On Eve Of Hearings, Marcus Law Firm Makes A Filing

As former town counsel Shelley Marcus (pictured) prepares to address questions from the state legislature Friday on her fitness to be a state judge, her law firm has moved to try to end a contentious malpractice suit filed by the town of Branford against her law firm.

That suit was filed against the Marcus Law Firm in 2008. The firm has waited until now to file a motion to have the suit dismissed.

Governor Dannel P. Malloy recommended Shelley Marcus and 14 other nominees to positions on the state Superior Court bench late in January. All are expected to appear Friday in Hartford at a public confirmation hearing before the Judiciary Committee. The General Assembly must approve their judicial appointments. 

Shelley Marcus’s nomination to the Superior Court faces uncertainty because she did not initially disclose her role in the so–called gifting table fraud cases or in a malpractice case that stems from years 2005-2007, when the Marcus Law Firm represented the town of Branford. Click here to read about that.

Governor Malloy told the Hartford Courant that Ms. Marcus’s role as an attorney in the recent gifting table federal fraud case did not come up in her review by the Judicial Selection Commission and it did not come up in her background search.

According to the Courant, all judicial nominees are asked a general question of whether there is anything in their background that might embarrass themselves or the administration if it became public. “This did not come up,” Malloy said of the gifting tables. Shelley and Ed Marcus both testified for the prosecution at the recent gifting table trial that recently ended in the conviction of two Guilford women. The trial was held in U.S. District Court in Hartford. 

Shelley Marcus’s involvement as an attorney in the gifting table case came to light the same week as her nomination to the bench by the governor. She and her father Ed Marcus, former head of the state Democratic Committee and a well-known political powerbroker, represented a group of gifting table participants, including the two women on trial, when the State Attorney General’s office investigated gifting tables.


As the gifting tables trial was winding up, The Marcus Law firm’s attorneys decided to take an extraordinary legal step regarding the malpractice case.

Just as Shelley Marcus was preparing to go before the Judiciary Committee this week, the law firm’s attorneys filed a motion last week seeking permission to file a summary judgment motion in the nearly five-year old malpractice case. Permission is necessary because after a judge sets a trial date, a summary judgment motion is barred. Both sides agreed last year to a trial date of June 4. If a summary judgment motion is permitted, the case could be delayed for months.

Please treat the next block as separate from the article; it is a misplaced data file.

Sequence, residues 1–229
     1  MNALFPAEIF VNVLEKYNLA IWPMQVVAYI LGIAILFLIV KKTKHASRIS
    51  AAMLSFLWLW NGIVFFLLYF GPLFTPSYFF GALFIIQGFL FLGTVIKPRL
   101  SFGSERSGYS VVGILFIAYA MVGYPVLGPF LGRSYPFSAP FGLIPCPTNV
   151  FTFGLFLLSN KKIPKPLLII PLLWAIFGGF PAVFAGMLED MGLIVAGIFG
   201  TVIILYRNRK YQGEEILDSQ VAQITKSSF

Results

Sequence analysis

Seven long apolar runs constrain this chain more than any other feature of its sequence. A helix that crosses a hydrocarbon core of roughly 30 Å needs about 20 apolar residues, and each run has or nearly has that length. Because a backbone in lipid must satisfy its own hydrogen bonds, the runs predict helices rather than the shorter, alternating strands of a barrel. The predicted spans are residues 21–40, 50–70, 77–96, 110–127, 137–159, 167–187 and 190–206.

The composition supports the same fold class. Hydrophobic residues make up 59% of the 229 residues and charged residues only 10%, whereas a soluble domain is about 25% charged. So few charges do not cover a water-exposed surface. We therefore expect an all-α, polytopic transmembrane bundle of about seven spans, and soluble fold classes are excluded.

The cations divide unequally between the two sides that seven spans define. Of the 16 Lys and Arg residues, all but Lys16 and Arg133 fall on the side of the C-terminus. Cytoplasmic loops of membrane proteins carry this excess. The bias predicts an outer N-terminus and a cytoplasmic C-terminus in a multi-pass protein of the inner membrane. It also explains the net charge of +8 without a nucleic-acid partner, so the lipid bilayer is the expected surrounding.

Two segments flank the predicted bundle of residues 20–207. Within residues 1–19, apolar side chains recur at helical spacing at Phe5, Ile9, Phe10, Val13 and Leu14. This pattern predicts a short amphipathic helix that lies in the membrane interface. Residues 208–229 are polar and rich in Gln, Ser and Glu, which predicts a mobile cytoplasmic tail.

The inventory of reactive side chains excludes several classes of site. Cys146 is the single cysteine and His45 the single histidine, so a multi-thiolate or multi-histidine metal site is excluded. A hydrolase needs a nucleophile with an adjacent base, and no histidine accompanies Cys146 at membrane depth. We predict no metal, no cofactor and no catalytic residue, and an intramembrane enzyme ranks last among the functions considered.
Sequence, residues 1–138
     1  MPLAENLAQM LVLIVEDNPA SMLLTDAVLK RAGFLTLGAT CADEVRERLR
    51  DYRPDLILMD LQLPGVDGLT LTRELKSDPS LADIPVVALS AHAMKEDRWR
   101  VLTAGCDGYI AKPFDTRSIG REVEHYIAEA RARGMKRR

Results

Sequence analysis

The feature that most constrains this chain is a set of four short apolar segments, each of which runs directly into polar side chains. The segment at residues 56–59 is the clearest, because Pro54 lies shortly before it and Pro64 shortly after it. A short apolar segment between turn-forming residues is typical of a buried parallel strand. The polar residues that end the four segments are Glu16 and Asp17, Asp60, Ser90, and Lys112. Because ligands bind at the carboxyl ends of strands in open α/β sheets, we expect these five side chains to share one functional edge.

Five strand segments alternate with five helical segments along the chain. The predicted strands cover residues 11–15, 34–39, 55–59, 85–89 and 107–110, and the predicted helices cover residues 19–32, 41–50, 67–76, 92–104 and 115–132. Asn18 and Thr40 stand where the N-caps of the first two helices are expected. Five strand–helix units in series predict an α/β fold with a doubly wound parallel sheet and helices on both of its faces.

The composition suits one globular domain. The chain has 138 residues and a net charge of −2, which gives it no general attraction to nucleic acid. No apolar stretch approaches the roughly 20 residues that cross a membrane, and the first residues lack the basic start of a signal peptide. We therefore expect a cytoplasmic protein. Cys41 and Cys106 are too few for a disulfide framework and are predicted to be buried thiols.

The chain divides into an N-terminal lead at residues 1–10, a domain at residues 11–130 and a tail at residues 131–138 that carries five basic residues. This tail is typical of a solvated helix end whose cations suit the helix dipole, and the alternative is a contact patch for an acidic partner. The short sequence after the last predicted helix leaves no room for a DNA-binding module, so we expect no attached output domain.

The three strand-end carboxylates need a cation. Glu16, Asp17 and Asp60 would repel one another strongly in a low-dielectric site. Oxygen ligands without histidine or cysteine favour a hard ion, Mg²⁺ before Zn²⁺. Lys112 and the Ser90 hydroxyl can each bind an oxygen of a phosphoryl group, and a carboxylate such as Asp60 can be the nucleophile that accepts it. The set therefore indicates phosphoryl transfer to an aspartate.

And the reason for the summary judgment motion?  Allegedly, to save judicial costs.  The Marcus attorneys now say that if they win a summary judgment, a motion usually filed early in a case, they will preserve judicial resources because there will be no trial. A summary judgment means there is no dispute either on the law or the facts of a case, conditions not readily apparent in this malpractice case.

Avoiding a trial, according to a filing by Frederick L. Murolo of Murolo & Murolo, the law firm representing the Marcus Law Firm, would maximize “judicial efficiency.”  He added the judiciary’s needs should be considered: “In the interest of judicial economy, the motion should be heard and decided prior to wasting the judicial resources of the court with a trial.”

Since the town’s complaint against the Marcus Law Firm was first filed in August 2008, the case has been heard by numerous judges in the New Haven Superior Court. 

The long court docket shows there have been 103 entries for motions, pleadings and documents by both sides as of this week.  Over this period of time, the Marcus Law firm has declined to settle the case. Depositions have been delayed and rescheduled many times, the town attorneys say. Nor did the Marcus attorneys raise the issue of preserving judicial efficiency until this week.  The summary judgment motion cherry-picks deposition testimony from various witnesses as it seeks to make its point. So far it has not named its own expert witness.

In December 2010, the Branford Board of Selectmen unanimously approved a so-called “offer to compromise” that would have led to a $3 million settlement with the Marcus Law Firm in the malpractice case. The Marcus Law firm had 60 days to answer or the offer would lapse. In the end, the offer lapsed. Click here to read the story.

Attorney R. Bartley Halloran of Hartford, who represents Branford in the malpractice case, filed his objection to the new summary judgment motion this week, saying the summary judgment motion should be rejected. He said the real reason for this summary judgment motion is to delay the trial.

“The defendant’s counsel has not offered a single reason as to the untimeliness of this motion,” Halloran wrote.